Adaptive Reuse Oregon Design and Architecture Oregon History

Serve on Milwaukie’s historic city hall committee

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Milwaukie City Hall was built by the Federal Emergency Administration of Public Works, between 1937 and 1938.  

Help write Milwaukie City Hall’s next chapter. With plans in place to move city services to another building in a few years, the city is looking for volunteers to serve on a committee that will help determine how the current City Hall should be used in the future. Restaurant? Brewpub? Affordable housing?

The current Milwaukie City Hall has served the community since 1937. Now, as the city plans to move to a newer building, City Council is asking for help in deciding how the current city hall site should be used in the future. 

Do you live in Milwaukie? Submit an application to serve on the City Hall Blue Ribbon Committee, a short-duration advisory committee that will include city representatives and community partners.

Committee members will learn about the historic significance of the site, historic preservation laws, operational costs and limitations, and development market conditions. The committee will help create development goals for the site and help structure the public engagement effort with the broader community.

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Portland Real Estate

On Whiskey Hill, an old schoolhouse will be reborn 

The Whiskey Hill School. Circa 1924-25. Source.

Snuggled in the most southern section of Clackamas county sits Whiskey Hill. It’s not considered a town, it isn’t even on maps. “It’s just an area, almost a nickname, given to an actual hill where, legend has it, there was a still built during Prohibition— some people say there are still remnants in the woods,” says Amy Lenhardt.

It’s an area seeing change, too, like wineries and vineyards popping up, but for the most part has stayed the same throughout its history. 

One placemark that most locals know is the Whiskey Hill Store, recently a convenience store. To say it nicely, the place was rundown, and it turns out, in foreclosure. The building itself has a great history. It was built in the mid-1920s as a school, then it became a community center, a grocery store, and finally the convenience store.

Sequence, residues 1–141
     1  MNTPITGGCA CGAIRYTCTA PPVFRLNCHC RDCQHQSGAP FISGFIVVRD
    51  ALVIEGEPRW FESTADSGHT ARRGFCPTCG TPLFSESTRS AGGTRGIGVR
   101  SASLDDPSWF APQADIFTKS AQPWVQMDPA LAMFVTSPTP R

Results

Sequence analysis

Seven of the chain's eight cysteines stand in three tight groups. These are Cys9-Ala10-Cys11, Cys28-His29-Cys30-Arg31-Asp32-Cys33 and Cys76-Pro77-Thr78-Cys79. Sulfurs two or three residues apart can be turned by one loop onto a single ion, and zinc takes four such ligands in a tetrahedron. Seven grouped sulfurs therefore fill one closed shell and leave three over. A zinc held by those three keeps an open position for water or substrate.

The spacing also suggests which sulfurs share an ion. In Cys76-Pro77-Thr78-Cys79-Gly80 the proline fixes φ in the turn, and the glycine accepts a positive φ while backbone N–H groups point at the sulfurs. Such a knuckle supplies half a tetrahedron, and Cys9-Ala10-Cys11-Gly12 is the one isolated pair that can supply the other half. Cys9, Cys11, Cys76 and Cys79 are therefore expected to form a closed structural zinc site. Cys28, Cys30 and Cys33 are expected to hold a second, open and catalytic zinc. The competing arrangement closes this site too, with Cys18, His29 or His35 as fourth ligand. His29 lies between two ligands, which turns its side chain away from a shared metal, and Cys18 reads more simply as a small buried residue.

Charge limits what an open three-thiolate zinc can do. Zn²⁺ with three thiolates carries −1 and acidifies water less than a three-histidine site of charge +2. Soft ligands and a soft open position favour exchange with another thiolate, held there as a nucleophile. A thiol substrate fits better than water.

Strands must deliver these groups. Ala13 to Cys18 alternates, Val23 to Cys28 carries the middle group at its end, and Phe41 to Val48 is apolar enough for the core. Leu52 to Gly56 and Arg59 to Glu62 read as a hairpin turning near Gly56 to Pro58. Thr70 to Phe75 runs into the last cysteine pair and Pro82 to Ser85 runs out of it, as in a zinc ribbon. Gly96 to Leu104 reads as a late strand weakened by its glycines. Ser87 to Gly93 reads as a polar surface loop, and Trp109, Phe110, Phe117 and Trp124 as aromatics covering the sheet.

“My father-in-law went to school in the building,” says Amy. “There are four people alive from his class. I think they’re the oldest people alive who actually went to school in that building.” 

Amy knows a lot about the building and its past. 


Because she and her husband Darryl purchased it and are revitalizing it. 

They both grew up on Whiskey Hill, meeting at Zion Mennonite Kindergarten. Grown up and leaving Whiskey Hill, they went on their separate ways and led separate lives for decades, reconnected, and married four years ago. 

On the hunt for an older building
That’s when they started another journey —finding an older building to fix up and even better, finding one on Whiskey Hill. Enter the battered, old convenience store they recently bought.

After the papers were signed, the first step they made was to reach out to the community. “We  just put up a little sign that said we’re having a community meeting at the school,” says Amy. “We thought a few people would come but 50 people came and we were shocked.” 

WHC 1963
Whiskey Hill Community Center, 1960s. Source. 

At the meeting the couple introduced themselves, offered up a questionnaire, and shared their vision. 

Then the real fun began. 

Years of neglect
Like lots of older buildings, the Whiskey Hill Store had been neglected. In the back sits a residence on its own, a crumbling foundation and a very unsexy septic, added in the 1950s, and of course failing.   

Now the fun begins. Source. 

There were other surprises—some good, like discovering the original windows on the north wall (“they’d been covered for decades,” says Amy).  The bad? Nineteen-seventies wood paneling, a staircase smack dab in the middle of the building, and a 30-foot cooler that was installed directly on the wood floor. (Use your imagination on what happened to that floor.) 

An evolving plan
Once rebuilt the couple’s intention is to return the schoolhouse to as much of the original look as possible. The couple also plans on rebuilding the residence in the back and living on the property, then dive deep into the store portion, with a vision still up in the air. Maybe a meeting place for the community? Coffee shop? Small store? 


Fourth grade at Whiskey Hill School, circa 1941. Darryl’s dad, Floyd Lenhardt, is on the far left. His brother, Leslie, is fourth from right. Source. 

“It’s going to evolve over time and we’re probably going to have to do some experimenting,” says Amy. 

As far as a customer base, it might be already in place. Add locals, then folks visiting the Tulip Festival, nearby wineries, wedding venues, and the (hyper) local airport traffic. 

It’ll be fun to watch their journey and embrace another forgotten Oregon building that will get new life. 

“When I was handed the keys, I realized that we don’t own that building,” Amy adds. “We are the stewards and will cherish it and display it so everyone can enjoy it as much as we do.” 

Check out the Facebook page for the The Whiskey Hill Store on frequent updates to the project or join the Facebook group for even more.